If you think your kid has a lot of homework, think again. On average, their students spent 14 hours per week on homework. This is significant considering Canadian and American kids only spent about six hours per week on after-school assignments, while kids in other countries, such as Finland and Korea, reportedly spent less than three. To get their findings, researchers looked at year-olds from 38 countries. Besides China, Russia also topped the list of countries that gave the most homework, with their students spending about 10 hours per week on extra work. Italy, Ireland, Poland and Spain also gave their students over seven hours of at-home assignments per week.
The Cult of Homework
Too Much Homework: Children Receive 3 Times Recommended Amount | Time
In his Atlantic essay , Karl Taro Greenfeld laments his year-old daughter's heavy homework load. Tales of the homework-burdened American student have become common, but are these stories the exception or the rule? A Metlife study found that 45 percent of students in grades three to 12 spend more than an hour a night doing homework, including the six percent of students who report spending more than three hours a night on their homework. In the school year, a study out of the University of Michigan found that American students ages six through 17 spent three hours and 38 minutes per week doing homework. This one is fairly obvious: The National Education Association recommends that homework time increase by ten minutes per year in school. Studies have found that schools tend to roughly follow these guidelines: The University of Michigan found that students ages six to eight spend 29 minutes doing homework per night while to year-old students spend 50 minutes doing homework. The Metlife study also found that 50 percent of students in grades seven to 12 spent more than an hour a night on homework, while 37 percent of students in grades three to six spent an hour or more on their homework per night.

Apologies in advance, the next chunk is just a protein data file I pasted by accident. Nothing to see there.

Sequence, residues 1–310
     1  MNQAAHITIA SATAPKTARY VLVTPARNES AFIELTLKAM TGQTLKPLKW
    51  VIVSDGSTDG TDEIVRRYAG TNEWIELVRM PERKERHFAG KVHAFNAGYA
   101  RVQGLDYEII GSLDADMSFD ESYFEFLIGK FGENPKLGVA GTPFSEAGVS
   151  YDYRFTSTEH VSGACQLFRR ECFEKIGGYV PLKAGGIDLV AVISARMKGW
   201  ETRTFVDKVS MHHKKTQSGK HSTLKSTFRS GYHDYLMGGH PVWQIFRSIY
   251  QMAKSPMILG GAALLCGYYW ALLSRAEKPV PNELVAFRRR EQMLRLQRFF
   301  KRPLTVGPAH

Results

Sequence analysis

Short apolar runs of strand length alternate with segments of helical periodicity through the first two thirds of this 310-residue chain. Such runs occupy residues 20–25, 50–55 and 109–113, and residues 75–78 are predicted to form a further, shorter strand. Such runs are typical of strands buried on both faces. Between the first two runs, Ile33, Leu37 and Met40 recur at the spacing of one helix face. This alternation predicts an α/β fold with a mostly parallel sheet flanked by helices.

Homework Wars: High School Workloads, Student Stress, and How Parents Can Help
America has long had a fickle relationship with homework. A century or so ago, progressive reformers argued that it made kids unduly stressed , which later led in some cases to district-level bans on it for all grades under seventh. This anti-homework sentiment faded, though, amid mid-century fears that the U.
Parents have been questioning the excessive amount of homework given in schools, both public and private for years, and believe it or not, there is evidence that supports limiting the amount of homework children have can actually be beneficial. The National Education Association NEA has released guidelines about the right amount of homework--the amount that helps kids learn without getting in the way of their developing other parts of their life. Many experts believe that students should receive roughly 10 minutes per night of homework in the first grade and an additional 10 minutes per grade for each following year. By this standard, high school seniors should have about minutes or two hours of homework a night, but some students have two hours of work in middle school and many more hours than that in high school, particularly if they are enrolled in Advanced or AP classes.